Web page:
The Alef electric flying car vehicle has made history by being the first to get governmental sanction for aerial operations. They received a Special Airworthiness Certification from the U.S. Federal Aviation Administration, marking the first time a flying vehicle has received legal approval to fly from the US Government.
"We're excited to receive this certification from the FAA. It allows us to move closer to bringing people an environmentally friendly and faster commute, saving individuals and companies hours each week. This is a one small step for planes, one giant step for cars," said Jim Dukhovny, CEO of Alef.
The FAA is currently working on policies for electrical vertical takeoff and landing (eVTOL) vehicles, as well as governing interactions between eVTOLs and ground infrastructure.
Alef has started taking deposits for pre-orders for its "Model A" car for $300,000 on their website: here.
The public can anticipate models to available by 2025.
They also plan on releasing a Model Z that is projected to be more affordable with a price tag of around $35,000 and hold four to six occupants.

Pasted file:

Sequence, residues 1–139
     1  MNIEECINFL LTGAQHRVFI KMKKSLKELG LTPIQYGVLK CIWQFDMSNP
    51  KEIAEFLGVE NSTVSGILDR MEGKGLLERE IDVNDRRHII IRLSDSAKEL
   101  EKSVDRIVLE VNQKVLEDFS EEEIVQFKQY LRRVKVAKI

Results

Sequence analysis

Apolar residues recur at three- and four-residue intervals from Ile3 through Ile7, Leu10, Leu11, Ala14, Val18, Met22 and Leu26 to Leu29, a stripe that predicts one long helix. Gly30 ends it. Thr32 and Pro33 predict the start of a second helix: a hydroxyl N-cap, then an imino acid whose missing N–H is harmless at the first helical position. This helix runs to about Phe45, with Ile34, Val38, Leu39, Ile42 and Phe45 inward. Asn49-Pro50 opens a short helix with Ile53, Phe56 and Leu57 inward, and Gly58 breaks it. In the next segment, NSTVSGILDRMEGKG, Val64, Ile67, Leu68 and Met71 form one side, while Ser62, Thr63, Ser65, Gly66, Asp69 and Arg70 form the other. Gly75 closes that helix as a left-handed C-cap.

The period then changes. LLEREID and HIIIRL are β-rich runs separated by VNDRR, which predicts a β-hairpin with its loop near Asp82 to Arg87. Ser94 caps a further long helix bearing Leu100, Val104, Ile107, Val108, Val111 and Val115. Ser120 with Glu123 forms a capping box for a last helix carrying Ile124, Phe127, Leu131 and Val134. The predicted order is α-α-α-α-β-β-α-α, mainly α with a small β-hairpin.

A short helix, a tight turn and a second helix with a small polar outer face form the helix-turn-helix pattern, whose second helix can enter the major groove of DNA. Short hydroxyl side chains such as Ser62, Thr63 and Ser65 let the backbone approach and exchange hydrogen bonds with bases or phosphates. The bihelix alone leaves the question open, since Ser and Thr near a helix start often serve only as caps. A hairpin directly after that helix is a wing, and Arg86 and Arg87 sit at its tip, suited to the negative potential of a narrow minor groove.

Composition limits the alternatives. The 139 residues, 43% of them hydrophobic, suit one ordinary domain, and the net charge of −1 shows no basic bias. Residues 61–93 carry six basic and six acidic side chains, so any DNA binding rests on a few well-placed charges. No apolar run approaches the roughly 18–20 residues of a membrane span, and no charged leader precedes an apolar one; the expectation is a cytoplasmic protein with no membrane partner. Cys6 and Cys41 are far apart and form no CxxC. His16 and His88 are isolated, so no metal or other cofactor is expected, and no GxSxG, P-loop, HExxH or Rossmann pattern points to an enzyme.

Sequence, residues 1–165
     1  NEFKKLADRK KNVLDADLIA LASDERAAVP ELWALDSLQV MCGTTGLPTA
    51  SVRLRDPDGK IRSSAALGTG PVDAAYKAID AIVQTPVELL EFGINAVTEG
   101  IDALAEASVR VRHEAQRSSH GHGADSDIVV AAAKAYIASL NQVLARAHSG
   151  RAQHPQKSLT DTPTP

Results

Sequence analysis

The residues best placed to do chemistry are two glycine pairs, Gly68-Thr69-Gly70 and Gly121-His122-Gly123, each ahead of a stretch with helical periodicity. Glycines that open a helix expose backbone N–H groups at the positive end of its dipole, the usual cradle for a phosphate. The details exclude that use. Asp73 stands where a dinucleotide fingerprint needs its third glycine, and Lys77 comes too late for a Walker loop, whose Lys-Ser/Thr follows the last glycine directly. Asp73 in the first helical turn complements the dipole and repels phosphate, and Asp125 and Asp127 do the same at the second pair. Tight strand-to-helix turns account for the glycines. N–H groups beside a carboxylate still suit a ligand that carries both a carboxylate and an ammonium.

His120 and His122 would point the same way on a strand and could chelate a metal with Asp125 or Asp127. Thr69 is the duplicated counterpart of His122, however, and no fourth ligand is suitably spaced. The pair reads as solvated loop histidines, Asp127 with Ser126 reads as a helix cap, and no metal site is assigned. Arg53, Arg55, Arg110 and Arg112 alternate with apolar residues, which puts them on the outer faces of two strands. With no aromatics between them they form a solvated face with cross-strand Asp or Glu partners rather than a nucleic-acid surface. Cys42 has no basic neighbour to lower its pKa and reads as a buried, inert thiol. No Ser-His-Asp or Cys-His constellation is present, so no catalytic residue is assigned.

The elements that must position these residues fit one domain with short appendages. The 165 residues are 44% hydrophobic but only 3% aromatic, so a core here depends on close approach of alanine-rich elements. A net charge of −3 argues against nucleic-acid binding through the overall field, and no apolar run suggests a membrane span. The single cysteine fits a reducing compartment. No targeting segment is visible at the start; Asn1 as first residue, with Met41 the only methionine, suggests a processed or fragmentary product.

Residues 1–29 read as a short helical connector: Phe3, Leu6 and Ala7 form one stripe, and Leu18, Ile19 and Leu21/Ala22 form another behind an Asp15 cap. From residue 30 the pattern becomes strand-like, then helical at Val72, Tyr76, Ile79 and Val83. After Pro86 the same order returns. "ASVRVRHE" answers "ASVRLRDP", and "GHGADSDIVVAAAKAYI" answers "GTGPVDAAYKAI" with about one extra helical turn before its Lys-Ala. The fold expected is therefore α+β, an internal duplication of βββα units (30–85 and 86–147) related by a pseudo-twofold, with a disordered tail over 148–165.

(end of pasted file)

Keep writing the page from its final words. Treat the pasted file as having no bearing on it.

How does Alef's Flying Car Work?
Equipped with eight propellers nestled within a structure about the size of a large car, is engineered to ascend vertically.
The Alef Model A's body is capped with a mesh top and can accommodate one or two passengers in its spherical compartments. This model is designed to carry around 200 pounds, encompassing both passenger and luggage.
The open mesh on the top surface of the Alef Model A allows for air circulation through the vehicle. It's structure incorporates four propellers on each side of the passenger compartment within the vehicle's body.
This final feature, however, sets it apart from what most people think of when they think of flying cars. The transition from vertical to horizontal flight.
The vehicle's body performs a 90-degree rotation along its longitudinal axis. During this spin, one wing elevates while the other lowers on opposite sides of the body, an essential aspect of its flight dynamics.